My conversation with Shay Howe of Groupon at 1871 Chicago during TechWeek 2012
For the past almost a year now, I have been working closely with a really great company Entirenet on some really cool projects. Entirenet is an experienced organization in L & D and has some very talented team members. One of the big projects we have been working on is a series of safety videos for the Washington Wine Industry. It has been a fun project. I am looking forward to sharing this project with you all when it is complete.
One of the conversations I have been having with Entirenet’s leadership team is about all the great things happening in learning and development today. As part of those discusions we have talked about our mutual belief in community and sharing our expertise. They really like the interviews that I do with industry thought leaders and asked if I could produce a series for their blog readers and community. I of course was flattered and jumped at the change to collaborate with them on another project.
Paolo Tosolini @ DevLearn 2009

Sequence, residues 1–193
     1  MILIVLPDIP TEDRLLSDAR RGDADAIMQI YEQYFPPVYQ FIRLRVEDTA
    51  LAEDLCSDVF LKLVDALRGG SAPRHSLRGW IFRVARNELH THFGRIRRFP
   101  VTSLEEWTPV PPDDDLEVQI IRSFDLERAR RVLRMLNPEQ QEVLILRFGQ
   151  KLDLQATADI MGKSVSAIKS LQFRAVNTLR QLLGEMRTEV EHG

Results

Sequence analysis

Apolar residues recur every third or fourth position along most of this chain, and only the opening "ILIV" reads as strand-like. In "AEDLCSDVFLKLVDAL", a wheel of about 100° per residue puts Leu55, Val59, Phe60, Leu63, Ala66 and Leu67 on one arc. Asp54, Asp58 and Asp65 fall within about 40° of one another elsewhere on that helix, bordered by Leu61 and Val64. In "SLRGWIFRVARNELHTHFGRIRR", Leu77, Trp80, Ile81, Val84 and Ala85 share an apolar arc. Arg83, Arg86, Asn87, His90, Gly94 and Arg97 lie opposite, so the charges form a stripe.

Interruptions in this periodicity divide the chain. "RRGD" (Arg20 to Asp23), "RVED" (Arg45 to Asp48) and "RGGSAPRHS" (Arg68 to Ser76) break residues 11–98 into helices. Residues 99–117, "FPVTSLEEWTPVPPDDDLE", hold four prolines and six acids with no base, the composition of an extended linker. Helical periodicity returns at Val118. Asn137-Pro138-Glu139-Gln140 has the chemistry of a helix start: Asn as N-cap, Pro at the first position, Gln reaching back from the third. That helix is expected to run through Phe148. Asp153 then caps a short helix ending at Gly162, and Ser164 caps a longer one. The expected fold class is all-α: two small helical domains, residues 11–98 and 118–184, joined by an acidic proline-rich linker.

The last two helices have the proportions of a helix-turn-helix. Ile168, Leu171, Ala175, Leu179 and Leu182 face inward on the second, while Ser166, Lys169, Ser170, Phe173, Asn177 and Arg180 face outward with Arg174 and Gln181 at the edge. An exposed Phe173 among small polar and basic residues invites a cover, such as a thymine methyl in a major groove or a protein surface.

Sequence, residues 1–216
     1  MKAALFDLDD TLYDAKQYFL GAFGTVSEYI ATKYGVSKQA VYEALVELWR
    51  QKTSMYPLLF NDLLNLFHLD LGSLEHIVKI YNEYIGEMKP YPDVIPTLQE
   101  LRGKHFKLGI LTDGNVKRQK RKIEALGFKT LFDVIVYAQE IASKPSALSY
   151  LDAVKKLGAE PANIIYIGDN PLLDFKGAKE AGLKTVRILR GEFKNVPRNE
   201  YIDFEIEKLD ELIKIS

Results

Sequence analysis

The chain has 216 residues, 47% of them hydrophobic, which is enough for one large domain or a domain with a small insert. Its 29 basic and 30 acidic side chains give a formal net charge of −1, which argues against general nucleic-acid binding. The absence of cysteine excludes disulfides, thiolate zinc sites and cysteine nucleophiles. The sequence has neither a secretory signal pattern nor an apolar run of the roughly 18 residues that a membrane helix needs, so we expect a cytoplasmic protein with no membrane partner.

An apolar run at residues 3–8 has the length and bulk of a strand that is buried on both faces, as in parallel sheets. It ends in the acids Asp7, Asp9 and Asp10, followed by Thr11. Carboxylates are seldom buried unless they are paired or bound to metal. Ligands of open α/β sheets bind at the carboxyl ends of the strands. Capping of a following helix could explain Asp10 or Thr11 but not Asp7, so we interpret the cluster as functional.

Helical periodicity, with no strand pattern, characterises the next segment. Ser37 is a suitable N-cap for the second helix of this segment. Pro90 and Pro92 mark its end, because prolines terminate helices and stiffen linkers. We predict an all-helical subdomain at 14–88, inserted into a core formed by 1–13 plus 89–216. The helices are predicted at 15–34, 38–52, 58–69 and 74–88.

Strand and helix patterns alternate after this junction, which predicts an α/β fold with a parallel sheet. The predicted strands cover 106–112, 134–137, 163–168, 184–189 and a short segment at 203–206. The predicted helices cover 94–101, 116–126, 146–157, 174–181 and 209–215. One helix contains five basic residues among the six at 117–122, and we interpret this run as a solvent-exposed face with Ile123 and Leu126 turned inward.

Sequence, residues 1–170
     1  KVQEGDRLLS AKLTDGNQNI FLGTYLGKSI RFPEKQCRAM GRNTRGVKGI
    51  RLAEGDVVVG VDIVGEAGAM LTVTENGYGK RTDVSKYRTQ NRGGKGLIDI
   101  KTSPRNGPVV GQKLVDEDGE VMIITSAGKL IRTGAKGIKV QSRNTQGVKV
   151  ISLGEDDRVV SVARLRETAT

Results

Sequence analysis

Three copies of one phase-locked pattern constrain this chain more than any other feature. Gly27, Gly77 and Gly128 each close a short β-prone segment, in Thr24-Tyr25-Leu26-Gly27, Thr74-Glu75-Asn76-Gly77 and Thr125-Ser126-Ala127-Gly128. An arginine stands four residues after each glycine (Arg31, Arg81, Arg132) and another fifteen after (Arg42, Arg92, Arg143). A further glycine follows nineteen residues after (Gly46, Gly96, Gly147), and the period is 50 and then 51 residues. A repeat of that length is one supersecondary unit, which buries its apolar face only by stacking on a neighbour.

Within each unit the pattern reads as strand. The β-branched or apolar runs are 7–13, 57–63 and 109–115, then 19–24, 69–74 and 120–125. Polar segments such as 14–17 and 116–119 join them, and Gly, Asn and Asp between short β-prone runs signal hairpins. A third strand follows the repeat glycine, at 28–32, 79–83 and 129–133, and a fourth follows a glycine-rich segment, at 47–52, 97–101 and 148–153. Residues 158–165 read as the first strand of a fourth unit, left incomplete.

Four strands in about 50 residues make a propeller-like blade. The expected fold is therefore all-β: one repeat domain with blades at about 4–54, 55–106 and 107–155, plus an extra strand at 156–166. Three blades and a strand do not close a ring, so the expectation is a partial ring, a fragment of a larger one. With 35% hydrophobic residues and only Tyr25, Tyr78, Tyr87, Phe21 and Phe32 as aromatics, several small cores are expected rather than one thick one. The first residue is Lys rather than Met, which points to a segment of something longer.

As I was thinking about who I was going to interview and what I would talk to them about it occurred to me that there is an opportunity to put some thing really special together. Because my interviews in the past have been intentionally spontaneous and unplanned. This particular interview series offered something a little bit different. I could be a little bit more strategic about my line of questions and choices in interviews. This type of approach would result in a more comprehensive outcome. What that means to me is that with a little planning this interview series could offer a relevant snapshot of the landscape of learning and development today. We will take a look at important topics, issues and opportunities happening in our industry. My goal is that by watching this series of interviews one could potentially leverage the combined expertise and insights of today’s thought leaders to build key strategies and roadmaps for an organization.